In a modern Microsoft environment, the Active Directory database is arguably one of the essential assets of the network. Thus protecting AD is an important part of maintaining a productive environment. In previous tips I've discussed how to lock down domain controllers and manage access to AD. Now, I want to talk about increasing security by locking down the desktop systems that administrators use to interact with AD.
One of the most secure configurations of administrator user accounts is to limit them so they can log on only to a single specific workstation. When configured thus, the administrator account is useless to anyone attempting to log on to the network from any other system other than the one assigned to the account. This configuration can be accomplished through the following procedures:
- Move the administrator's workstation into a sub-OU specifically created to host administrator workstations.
- Modify the domain level GPO to set the Deny log on locally user rights assignment control for all of the following admin groups: Schema Admins, Enterprise Admins, Domain Admins, Server Operators, Backup Operators, and Account Operators.
- Create a GPO on the sub-OU. Define the Deny log on locally user rights assignment control, but leave it blank.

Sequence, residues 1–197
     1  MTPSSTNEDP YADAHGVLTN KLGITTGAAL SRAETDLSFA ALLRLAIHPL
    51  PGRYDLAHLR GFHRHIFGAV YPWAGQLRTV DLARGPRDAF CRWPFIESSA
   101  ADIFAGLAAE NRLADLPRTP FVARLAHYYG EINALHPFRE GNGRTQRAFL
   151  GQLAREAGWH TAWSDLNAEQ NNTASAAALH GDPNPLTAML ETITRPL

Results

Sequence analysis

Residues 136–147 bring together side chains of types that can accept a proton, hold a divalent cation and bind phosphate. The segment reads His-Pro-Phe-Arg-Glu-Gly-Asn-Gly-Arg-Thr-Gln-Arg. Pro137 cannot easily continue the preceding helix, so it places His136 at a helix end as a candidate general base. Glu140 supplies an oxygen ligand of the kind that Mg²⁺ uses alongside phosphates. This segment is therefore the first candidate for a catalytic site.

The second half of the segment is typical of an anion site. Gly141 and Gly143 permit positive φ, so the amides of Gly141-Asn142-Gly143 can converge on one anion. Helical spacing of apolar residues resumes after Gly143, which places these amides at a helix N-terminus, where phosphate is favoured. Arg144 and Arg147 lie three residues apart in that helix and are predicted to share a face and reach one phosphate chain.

- Next, set the Log On To controls on each administrator account to the specific workstation assigned to that operator.
In this way, the sub-OU's GPO will over-ride the domain level GPO for
This configuration will not prevent the local administrator account on each system from being able to log on to its local system, but it does a great job of locking down domain administrators.
Obviously, this configuration will require that these administrative groups have the right logon across the network for the server's they have to manage. And you may need to create special sub-OUs to host member servers and domain controllers in the same fashion.
BTW: using the Log On To control through a user account's properties is the only means to effectively enforce or restrict the ability of a single user account to log in only once to a domain. By assigning a single workstation, the account is effectively limited to a single logon. If a user account has more than one workstation assigned or is not restricted to a set of workstations, that one user account can be logged on to multiple systems simultaneously.
James Michael Stewart is a partner and researcher for ITinfopros, a technology-focused writing and training organization.
This was first published in August 2006